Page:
Anyone who has tried and failed to meditate knows that our minds are rarely still. But where do they roam? New research led by UC Berkeley has come up with a way to track the flow of our internal thought processes and signal whether our minds are focused, fixated or wandering.
Using an electroencephalogram (EEG) to measure brain activity while people performed mundane attention tasks, researchers identified brain signals that reveal when the mind is not focused on the task at hand or aimlessly wandering, especially after concentrating on an assignment.
Specifically, increased alpha brain waves were detected in the prefrontal cortex of more than two dozen study participants when their thoughts jumped from one topic to another, providing an electrophysiological signature for unconstrained, spontaneous thought. Alpha waves are slow brain rhythms whose frequency ranges from 9 to 14 cycles per second.
Meanwhile, weaker brain signals known as P3 were observed in the parietal cortex, further offering a neural marker for when people are not paying attention to the task at hand.
"For the first time, we have neurophysiological evidence that distinguishes different patterns of internal thought, allowing us to understand the varieties of thought central to human cognition and to compare between healthy and disordered thinking," said study senior author Robert Knight, a UC Berkeley professor of psychology and neuroscience.
The findings, published this week in the Proceedings of the National Academy of Sciences journal, suggest that tuning out our external environment and allowing our internal thoughts to move freely and creatively are a necessary function of the brain and can promote relaxation and exploration.
Moreover, EEG markers of how our thoughts flow when our brains are at rest can help researchers and clinicians detect certain patterns of thinking, even before patients are aware of where their minds are wandering.
"This could help detect thought patterns linked to a spectrum of psychiatric and attention disorders and may help diagnose them," said study lead author Julia Kam, an assistant professor of psychology at the University of Calgary. She launched the study as a postdoctoral researcher in Knight's cognitive neuroscience lab at UC Berkeley.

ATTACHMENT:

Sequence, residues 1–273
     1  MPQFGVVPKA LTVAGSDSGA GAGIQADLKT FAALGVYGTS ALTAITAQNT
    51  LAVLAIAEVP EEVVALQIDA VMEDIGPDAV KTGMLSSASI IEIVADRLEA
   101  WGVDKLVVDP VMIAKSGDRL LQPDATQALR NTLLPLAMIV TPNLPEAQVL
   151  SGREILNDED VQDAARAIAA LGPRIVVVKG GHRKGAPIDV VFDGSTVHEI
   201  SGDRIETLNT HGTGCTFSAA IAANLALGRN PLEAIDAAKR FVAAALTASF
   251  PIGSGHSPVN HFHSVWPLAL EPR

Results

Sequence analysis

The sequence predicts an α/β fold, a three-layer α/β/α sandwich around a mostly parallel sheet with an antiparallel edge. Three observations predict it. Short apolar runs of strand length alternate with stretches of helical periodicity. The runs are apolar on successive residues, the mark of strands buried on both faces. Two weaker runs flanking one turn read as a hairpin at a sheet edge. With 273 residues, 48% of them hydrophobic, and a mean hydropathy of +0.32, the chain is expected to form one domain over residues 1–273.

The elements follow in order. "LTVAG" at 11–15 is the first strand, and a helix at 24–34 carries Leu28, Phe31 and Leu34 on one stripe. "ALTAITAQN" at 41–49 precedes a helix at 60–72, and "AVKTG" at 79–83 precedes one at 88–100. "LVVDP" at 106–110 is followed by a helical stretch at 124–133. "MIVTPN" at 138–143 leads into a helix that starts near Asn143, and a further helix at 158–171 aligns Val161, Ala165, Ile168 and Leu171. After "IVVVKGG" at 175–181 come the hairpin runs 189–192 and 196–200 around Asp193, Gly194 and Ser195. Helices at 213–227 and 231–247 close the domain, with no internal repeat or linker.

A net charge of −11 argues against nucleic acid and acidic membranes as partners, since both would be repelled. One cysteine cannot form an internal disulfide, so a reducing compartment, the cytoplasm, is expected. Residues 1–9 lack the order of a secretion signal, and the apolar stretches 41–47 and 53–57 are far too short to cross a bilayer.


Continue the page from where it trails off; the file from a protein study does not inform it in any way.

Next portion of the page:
Another co-author on the paper is Zachary Irving, an assistant professor of philosophy at the University of Virginia who explored the psychological and philosophical underpinnings of mind-wandering as a postdoctoral scholar at UC Berkeley.
"If you focus all the time on your goals, you can miss important information. And so, having a free-association thought process that randomly generates memories and imaginative experiences can lead you to new ideas and insights," said Irving, whose philosophical theory of mind-wandering shaped the study's methodology.
Irving worked with Alison Gopnik, a UC Berkeley developmental psychologist and philosophy scholar who is also a co-author of the study.
"Babies and young children's minds seem to wander constantly, and so we wondered what functions that might serve," Gopnik said. "Our paper suggests mind-wandering is as much a positive feature of cognition as a quirk and explains something we all experience."
To prepare for the study, 39 adults were taught the difference between four different categories of thinking: task-related, freely moving, deliberately constrained and automatically constrained.
Next, while wearing electrodes on their heads that measured their brain activity, they sat at a computer screen and tapped left or right arrow keys to correspond with left and right arrows appearing in random sequences on the screen.
When they finished a sequence, they were asked to rate on a scale of one to seven -- whether their thoughts during the task had been related to the task, freely moving, deliberately constrained or automatically constrained.
One example of thoughts unrelated to the task and freely moving would be if a student, instead of studying for an upcoming exam, found herself thinking about whether she had received a good grade on an assignment, then realized she had not yet prepared dinner, and then wondered if she should exercise more, and ended up reminiscing about her last vacation, Kam said.
The responses to the questions about thought processes were then divided into the four groups and matched against the recorded brain activity.
When study participants reported having thoughts that moved freely from topic to topic, they showed increased alpha wave activity in the brain's frontal cortex, a pattern linked to the generation of creative ideas. Researchers also found evidence of lesser P3 brain signals during off-task thoughts.
"The ability to detect our thought patterns through brain activity is an important step toward generating potential strategies for regulating how our thoughts unfold over time, a strategy useful for healthy and disordered minds alike," Kam said.
In addition to Kam, Knight, Irving and Gopnik, co-authors of the study are Shawn Patel at UC Berkeley and Caitlin Mills at the University of Hampshire.
Proceedings of the National Academy of Sciences